How GitVersion works at a basic level

GitVersion can be downloaded in the root folder of your repository; once it is there invokeing directly from command line with /ShowConfig parameter will generate a default configuration file.

GitVersion /ShowConfig > GitVersionConfig.yaml

This will create a default configuration file for GitVersion in the root directory called GitVersionConfig.yaml. Having a configuration file is completely optional, because GitVersion can work with default options, but it is really useful to explicit default parameter to know how Semantic Versioning is handled by the tool.

I’m not going throught the various options of the tool, you can read the doc online and I’ll blog in future post about a couple of options I usually change from default.

For the scope of this article, everything I need to know is that, invoking gitversion.exe without parameters in a folder where you have a git repository with gitflow enabled will return you a Json data. Here is a possible example:

{
  "Major":1,
  "Minor":5,
  "Patch":"0",
  "PreReleaseTag":"unstable.9",
  "PreReleaseTagWithDash":"-unstable.9",
  "BuildMetaData":"",
  "BuildMetaDataPadded":"",
  "FullBuildMetaData":"Branch.develop.Sha.8ecde89ef5b97eabcf6e0035119643334ba40c4e",
  "MajorMinorPatch":"1.5.0",
  "SemVer":"1.5.0-unstable.9",
  "LegacySemVer":"1.5.0-unstable9",
  "LegacySemVerPadded":"1.5.0-unstable0009",
  "AssemblySemVer":"1.5.0.0",
  "FullSemVer":"1.5.0-unstable.9",
  "InformationalVersion":"1.5.0-unstable.9+Branch.develop.Sha.8ecde89ef5b97eabcf6e0035119643334ba40c4e",
  "BranchName":"develop",
  "Sha":"8ecde89ef5b97eabcf6e0035119643334ba40c4e",
  "NuGetVersionV2":"1.5.0-unstable0009",
  "NuGetVersion":"1.5.0-unstable0009",
  "CommitDate":"2015-10-17"
}

This is the result of invoking GitVersion in develop branch; and now it is time to understand how these version numbers are determined.  My Master Branch is actually tagged 1.4.1 and since develop will be the next version, GitVersion automatically increments Minor versioning number (this is the default and can be configured). FullSemVer number contains the suffix unstable.9 because develop branch is usually unstable, and it is 9 commits behind the master. This will immediately gives me an idea on how much work is accumulating.

Now if I start a release 1.5.0 using command git flow release start 1.5.0  a new release/1.5.0 branch is created, and running GitVersion in that branch returns a FullSemVer of 1.5.0.0-beta0. The suffix is beta, because a release branch is something that will be released (so it is a beta) and 0 means that it is 0 commits behind develop branch. If you continue to push on release branch, the last number continues to increment.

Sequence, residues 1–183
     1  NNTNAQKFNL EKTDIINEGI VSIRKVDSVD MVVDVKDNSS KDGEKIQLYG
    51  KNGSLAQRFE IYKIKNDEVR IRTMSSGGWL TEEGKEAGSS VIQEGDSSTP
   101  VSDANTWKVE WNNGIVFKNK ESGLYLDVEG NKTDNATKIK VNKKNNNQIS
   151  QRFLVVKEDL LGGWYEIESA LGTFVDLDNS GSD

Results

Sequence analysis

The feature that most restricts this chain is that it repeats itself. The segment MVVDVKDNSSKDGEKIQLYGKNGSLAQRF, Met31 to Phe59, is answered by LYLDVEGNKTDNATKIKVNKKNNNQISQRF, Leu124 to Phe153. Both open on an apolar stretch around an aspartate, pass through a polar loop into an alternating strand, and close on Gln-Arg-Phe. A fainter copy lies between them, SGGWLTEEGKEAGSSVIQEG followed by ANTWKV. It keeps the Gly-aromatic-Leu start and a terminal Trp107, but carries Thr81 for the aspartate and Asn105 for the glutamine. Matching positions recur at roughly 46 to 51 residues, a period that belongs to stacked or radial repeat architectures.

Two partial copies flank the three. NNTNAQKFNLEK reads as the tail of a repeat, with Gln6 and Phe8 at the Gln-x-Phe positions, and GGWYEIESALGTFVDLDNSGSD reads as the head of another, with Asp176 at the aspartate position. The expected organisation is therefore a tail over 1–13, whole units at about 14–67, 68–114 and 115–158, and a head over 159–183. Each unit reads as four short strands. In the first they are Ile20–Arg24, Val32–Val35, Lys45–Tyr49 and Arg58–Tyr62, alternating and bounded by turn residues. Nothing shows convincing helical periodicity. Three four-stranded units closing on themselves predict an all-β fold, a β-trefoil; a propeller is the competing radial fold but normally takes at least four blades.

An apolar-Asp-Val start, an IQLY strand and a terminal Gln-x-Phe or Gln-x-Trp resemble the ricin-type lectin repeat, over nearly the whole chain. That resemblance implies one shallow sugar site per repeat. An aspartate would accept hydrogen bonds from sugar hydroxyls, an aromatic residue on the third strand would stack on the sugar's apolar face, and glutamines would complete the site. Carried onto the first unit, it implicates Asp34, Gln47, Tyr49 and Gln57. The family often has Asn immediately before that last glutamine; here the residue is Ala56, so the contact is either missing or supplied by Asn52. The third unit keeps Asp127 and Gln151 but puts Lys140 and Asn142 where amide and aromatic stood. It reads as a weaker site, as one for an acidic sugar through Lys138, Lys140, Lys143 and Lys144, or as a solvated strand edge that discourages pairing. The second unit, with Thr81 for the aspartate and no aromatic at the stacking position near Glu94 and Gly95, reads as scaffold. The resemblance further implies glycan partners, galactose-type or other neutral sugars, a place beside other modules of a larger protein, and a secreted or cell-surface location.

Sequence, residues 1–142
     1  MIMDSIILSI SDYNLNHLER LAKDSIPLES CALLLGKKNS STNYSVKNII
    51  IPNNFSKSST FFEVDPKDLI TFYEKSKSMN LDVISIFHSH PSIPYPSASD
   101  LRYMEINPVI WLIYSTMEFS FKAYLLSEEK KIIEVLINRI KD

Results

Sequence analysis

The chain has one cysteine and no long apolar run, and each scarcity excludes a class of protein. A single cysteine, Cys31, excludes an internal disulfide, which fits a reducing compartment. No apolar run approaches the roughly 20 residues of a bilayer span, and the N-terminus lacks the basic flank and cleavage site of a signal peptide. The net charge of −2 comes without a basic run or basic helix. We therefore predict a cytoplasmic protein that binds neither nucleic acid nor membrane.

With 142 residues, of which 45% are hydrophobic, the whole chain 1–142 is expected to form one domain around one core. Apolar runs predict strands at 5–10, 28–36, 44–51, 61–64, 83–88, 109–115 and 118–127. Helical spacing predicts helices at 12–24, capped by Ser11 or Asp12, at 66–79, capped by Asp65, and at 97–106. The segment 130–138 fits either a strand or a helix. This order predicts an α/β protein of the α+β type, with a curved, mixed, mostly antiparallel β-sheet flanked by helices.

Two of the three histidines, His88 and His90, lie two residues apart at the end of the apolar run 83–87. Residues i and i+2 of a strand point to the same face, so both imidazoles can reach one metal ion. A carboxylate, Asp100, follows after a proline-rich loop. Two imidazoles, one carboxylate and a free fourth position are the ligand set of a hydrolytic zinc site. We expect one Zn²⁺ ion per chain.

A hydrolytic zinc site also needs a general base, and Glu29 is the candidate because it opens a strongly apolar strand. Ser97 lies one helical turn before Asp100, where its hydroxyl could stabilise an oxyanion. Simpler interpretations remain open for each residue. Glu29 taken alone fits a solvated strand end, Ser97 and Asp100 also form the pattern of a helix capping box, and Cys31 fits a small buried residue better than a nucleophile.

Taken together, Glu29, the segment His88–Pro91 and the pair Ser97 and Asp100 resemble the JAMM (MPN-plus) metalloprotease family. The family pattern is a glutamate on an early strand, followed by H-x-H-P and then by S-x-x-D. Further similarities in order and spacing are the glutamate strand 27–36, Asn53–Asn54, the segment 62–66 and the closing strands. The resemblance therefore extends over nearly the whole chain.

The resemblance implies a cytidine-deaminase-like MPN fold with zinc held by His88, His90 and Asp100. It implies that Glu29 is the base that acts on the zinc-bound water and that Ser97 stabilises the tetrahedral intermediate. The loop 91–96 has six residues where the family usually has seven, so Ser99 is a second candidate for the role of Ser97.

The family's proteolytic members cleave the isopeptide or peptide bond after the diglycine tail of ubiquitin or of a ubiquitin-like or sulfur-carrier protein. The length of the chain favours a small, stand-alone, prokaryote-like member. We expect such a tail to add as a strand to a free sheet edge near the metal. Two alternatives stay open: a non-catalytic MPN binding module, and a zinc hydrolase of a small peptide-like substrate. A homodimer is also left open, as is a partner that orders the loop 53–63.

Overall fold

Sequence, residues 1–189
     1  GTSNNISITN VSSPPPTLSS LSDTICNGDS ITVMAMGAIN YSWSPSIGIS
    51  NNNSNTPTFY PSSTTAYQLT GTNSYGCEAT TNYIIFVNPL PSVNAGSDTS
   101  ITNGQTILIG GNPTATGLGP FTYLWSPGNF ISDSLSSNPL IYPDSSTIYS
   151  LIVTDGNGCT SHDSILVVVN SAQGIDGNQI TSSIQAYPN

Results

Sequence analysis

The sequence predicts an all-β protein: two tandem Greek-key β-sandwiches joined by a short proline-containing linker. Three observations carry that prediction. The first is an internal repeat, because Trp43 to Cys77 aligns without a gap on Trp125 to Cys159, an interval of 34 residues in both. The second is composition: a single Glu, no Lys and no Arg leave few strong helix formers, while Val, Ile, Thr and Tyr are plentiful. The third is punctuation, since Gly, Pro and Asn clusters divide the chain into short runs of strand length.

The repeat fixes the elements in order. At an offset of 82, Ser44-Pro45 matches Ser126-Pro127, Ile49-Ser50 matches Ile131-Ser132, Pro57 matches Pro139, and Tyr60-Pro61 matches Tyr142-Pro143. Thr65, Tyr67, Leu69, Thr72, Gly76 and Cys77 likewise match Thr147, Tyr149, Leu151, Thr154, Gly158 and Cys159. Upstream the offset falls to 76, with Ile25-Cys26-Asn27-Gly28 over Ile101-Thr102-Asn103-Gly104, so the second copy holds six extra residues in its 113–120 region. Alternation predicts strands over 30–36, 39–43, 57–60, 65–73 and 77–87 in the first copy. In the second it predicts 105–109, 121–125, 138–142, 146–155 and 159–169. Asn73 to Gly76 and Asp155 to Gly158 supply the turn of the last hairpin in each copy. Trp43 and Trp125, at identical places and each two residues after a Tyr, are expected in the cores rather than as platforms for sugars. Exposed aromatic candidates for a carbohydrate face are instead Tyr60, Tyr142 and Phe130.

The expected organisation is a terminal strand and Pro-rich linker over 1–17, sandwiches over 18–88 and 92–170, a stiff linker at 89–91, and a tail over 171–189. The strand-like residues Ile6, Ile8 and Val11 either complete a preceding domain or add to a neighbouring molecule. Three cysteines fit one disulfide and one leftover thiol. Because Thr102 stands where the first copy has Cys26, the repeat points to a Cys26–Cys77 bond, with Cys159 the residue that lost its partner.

Finally when you finish the release, the release branch is merged with master, master will be tagged 1.5.0 and finally release branch is merged back to develop. Now running GitVersion on develop returns version 1.6.0-unstable.xxx because now master is on 1.5.x version and develop will be the next version.

How you can use GitVersion on build vNext

You can read about how to integrate GitVersion with build vNext directly on GitVersion documentation, but I want to show you a slightly different approach in this article. The way I use GitVersion is, directly invoking in a Powershell build file that takes care of everything about versioning.

The main reason I choose this approach is: GitVersion can store all the information about versioning in environment variables, but in build vNext environment variables are not maintained by default between various steps. The second reason is: I already have a bulid that publish on nuget with build number specified as build variable, so I’d like to grab version numbers in my script and use it to change variable value of my build.

Thanks to PowerShell, parsing Json output is super easy, here is the simple instructions I use to invoke GitVersion and parse all json output directly into a PowerShell variable.

$Output = & ..\GitVersion\Gitversion.exe /nofetch | Out-String
$version = $output | ConvertFrom-Json